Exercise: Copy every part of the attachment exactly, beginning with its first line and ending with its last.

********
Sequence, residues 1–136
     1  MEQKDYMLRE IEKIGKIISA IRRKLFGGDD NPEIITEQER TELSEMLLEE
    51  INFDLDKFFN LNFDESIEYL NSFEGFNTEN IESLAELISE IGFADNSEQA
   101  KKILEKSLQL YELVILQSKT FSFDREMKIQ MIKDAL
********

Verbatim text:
Sequence, residues 1–136
     1  MEQKDYMLRE IEKIGKIISA IRRKLFGGDD NPEIITEQER TELSEMLLEE
    51  INFDLDKFFN LNFDESIEYL NSFEGFNTEN IESLAELISE IGFADNSEQA
   101  KKILEKSLQL YELVILQSKT FSFDREMKIQ MIKDAL